5-Hour Energy has hit back at a sports science researcher who says there is ‘chasm’ between the claims made by America’s top-selling energy shot and the scientific evidence for its effectiveness.
Taking aim at the brand, well-known sports science researcher Dr. Robert Portman notes actions against 5-Hour owner Living Essentials launched by the AGs of Oregon and Washington this month alleging false and deceptive advertising.
“Every manufacturer in their advertising relies on puffery to promote its product. However, in the case of 5-Hour Energy the distance between what the company claims and what the science shows is a chasm,” Portman, who has a Phd. in biochemistry, wrote, in comments sent to this website.
Presented with Portman’s comments, which we expand upon below, a spokeswoman for 5-Hour Energy told this website: “As Living Essentials intends to show in the litigation, it has reliable and competent scientific support for its claims relating to its 5-Hour Energy product.”
‘Of course I have a vested interest – a vested interest in science!’
Living Essentials also implied that Portman has a vested interest, noting that he himself backs an energy shot for endurance athletes called Body Glove Surge, as chair of PacificHealth Laboratories.
Responding to this ppint, Portman told us: “Of course I have a vested interest – a vested interest in science.
“Over the last 20 years I’ve been at the forefront of developing science-based products that improve performance, including the all-natural energy shot Body Glove SURGE, which is supported by peer-reviewed studies,” he added.
Exploring 5-Hour Energy’s formula in some detail, Portman questioned the effects of individual ingredients, starting with vitamins B6, B12 and B3.
Although he said these vitamins play an important role in human biochemistry, Portman insisted there was no evidence that added supplementation in healthy adults improved energy levels
“Studies conducted in athletes and non-athletes show no improvement in endurance performance after three weeks of supplementation with B vitamins,” he said.
The curious case of taurine – sedative effects?
Similarly, although natural amino acid taurine is important biochemically, Portman said that no human studies show that supplementation raises energy levels or improves mental concentration.
He cites a Cornell Medical College study by Fan Jia et al. 2008 published in the Journal of Neuroscience, which shows that taurine may have a sedative effect, and says at least two studies show that taurine combined with caffeine blunts the latter’s energy enhancing effects.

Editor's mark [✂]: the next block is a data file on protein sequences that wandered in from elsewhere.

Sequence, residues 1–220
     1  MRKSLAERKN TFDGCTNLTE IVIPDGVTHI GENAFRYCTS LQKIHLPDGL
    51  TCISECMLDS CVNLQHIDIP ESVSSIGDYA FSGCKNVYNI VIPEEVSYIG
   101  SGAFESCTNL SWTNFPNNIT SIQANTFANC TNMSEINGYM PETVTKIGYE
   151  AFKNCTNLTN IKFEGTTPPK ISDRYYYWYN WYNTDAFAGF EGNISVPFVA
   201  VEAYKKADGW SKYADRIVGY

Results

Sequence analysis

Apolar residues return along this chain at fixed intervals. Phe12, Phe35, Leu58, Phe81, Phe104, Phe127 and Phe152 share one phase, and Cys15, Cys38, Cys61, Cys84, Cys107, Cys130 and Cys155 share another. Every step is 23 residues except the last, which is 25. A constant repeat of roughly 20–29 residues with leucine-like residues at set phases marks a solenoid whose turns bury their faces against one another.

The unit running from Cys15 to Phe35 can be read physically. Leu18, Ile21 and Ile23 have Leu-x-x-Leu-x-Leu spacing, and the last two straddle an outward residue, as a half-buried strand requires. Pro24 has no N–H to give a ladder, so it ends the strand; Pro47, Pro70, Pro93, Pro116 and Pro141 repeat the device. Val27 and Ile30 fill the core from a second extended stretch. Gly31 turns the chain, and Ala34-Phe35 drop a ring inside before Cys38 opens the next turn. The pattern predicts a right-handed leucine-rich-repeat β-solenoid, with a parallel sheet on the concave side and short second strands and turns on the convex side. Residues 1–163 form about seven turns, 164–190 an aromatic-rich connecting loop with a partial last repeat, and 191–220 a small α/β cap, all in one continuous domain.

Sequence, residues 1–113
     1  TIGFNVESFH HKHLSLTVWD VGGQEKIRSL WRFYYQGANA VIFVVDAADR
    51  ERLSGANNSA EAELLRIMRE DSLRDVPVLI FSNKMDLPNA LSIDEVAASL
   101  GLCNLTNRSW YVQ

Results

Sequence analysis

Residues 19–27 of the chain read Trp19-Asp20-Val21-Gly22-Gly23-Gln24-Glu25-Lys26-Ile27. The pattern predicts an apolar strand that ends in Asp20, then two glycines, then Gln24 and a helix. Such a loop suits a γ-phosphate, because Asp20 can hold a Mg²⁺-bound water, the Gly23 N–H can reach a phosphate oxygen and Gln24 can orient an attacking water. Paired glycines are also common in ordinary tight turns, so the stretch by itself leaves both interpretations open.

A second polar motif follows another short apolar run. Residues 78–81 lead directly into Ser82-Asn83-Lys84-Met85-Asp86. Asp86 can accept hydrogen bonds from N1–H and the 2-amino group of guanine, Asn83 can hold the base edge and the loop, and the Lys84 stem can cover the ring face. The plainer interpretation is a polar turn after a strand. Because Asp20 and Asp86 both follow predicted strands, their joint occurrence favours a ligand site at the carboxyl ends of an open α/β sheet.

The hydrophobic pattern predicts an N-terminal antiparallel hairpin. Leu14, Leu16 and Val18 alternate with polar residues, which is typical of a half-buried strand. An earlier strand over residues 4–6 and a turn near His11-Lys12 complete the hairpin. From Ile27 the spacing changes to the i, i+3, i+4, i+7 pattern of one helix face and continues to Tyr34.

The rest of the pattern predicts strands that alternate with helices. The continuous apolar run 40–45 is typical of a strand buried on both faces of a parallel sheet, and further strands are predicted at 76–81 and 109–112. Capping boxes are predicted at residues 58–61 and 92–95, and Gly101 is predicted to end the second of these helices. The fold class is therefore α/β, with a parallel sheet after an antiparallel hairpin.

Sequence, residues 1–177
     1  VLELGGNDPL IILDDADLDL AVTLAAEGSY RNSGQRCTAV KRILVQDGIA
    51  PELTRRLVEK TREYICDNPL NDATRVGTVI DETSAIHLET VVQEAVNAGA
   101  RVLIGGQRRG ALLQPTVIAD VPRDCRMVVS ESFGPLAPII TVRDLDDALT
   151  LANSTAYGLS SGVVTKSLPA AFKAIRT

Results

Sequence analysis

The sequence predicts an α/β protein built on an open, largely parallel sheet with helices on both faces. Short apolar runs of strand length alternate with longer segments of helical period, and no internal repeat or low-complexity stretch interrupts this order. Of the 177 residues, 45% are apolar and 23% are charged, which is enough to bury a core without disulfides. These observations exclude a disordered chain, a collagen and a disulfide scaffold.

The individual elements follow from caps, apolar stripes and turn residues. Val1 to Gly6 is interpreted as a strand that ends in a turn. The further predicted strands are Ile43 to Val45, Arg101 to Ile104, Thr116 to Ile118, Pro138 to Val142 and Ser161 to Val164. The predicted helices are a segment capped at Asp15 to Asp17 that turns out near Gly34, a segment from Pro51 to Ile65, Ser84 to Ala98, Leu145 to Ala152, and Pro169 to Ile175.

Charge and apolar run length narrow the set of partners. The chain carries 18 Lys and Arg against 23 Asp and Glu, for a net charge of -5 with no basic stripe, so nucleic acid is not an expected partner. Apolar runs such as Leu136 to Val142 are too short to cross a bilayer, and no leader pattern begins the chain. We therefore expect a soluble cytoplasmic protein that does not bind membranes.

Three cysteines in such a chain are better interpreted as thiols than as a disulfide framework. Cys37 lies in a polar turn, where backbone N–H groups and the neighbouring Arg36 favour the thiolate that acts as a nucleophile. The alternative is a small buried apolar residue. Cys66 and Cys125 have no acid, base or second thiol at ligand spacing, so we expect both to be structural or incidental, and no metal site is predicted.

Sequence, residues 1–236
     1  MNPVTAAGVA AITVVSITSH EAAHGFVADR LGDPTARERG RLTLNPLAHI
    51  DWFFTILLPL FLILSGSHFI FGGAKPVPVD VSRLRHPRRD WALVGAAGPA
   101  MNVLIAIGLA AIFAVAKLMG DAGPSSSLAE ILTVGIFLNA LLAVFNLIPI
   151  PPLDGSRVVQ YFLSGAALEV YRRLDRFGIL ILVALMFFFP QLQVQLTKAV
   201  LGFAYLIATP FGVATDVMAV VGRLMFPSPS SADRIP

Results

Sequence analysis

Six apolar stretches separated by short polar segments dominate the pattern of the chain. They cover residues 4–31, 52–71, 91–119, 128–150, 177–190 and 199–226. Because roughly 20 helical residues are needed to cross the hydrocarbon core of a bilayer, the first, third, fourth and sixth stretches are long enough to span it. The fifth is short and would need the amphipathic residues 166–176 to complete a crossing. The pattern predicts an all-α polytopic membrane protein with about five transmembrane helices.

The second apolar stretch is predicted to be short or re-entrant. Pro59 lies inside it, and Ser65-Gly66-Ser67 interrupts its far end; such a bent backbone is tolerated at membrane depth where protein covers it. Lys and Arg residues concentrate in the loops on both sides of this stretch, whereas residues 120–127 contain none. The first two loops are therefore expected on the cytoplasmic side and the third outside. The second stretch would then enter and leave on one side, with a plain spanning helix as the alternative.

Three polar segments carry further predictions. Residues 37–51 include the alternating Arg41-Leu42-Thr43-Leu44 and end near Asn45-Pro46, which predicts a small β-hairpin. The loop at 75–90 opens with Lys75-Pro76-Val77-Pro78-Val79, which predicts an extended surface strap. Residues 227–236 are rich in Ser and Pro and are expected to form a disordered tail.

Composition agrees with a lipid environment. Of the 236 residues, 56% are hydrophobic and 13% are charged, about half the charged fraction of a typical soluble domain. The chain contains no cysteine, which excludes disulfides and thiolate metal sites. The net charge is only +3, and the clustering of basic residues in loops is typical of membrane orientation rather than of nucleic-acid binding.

In addition, Dr. Robert Portman claims that the single unpublished study undertaken by Living Essentials (which he says was reported in the New York Times) disproves claims that the shot prevents an energy crash, since it found that a significant percentage of those taking it suffered an energy crash.
“It was called the strangest scientific trial in the annals of energy drink studies,” Portman said. “It was conducted by a proctologist in a small Maine town and found that 24% of the test participants who received 5-Hour Energy had a ‘moderately severe crash’.”
But does 5-Hour Energy improve energy, mental focus and concentration? Portman thinks not.
He said a 2013 study by Erika Rauk et al. from Montana State University on the efficacy of 5-Hour Energy should make consumers “seriously question whether there is any benefit derived”.
Small-scale cycling trial finds 5-Hour no more effective than placebo
This is because researchers found that after 120 minutes of cycling the shot was no better than a placebo in terms of improving mental concentration and raising energy levels.
"Confirmation of this finding comes from a recent article published in the Journal of Caffeine Research," Portman said.
"The scientists measured the effect of a placebo and 5-Hour Energy on reaction times, which is a measure of mental concentration and alertness," he added.
This 2014 study by Marczinski et al. found that after two hours 5-Hour decreased reaction times by 3% and after 3.5 hours the decrease was 5% - the flavored water placebo performed better, while 5-Hour raised both systolic and diastolic blood pressure.
However, in defense of 5-Hour Energy, the sample in both studies (14 subjects) was small.
One of the Montana study’s co-authors, Eric Strubeck, also co-authored a concurrent Montana State study comparing Portman’s Body Glove Surge gels (with whey protein, carbohydrates and caffeine) favourably with 5-Hour Energy in an endurance cycling context, again with 14 subjects.
Both Montana studies were published in the May 2013 issue of Medicine & Science in Sports & Exercise.
Does this mean caffeine doesn't work?
Summing up, Portman insists that caffeine does work and a “significant body of science” shows that when it is combined with small amounts of carbohydrate it gives added energy to enhance workout performance, improve mental focus and concentration and reaction times.
However, he claims that 5-Hour Energy’s use of other ingredients negates the effects of caffeine, and that its questionable claims have led to regulatory action.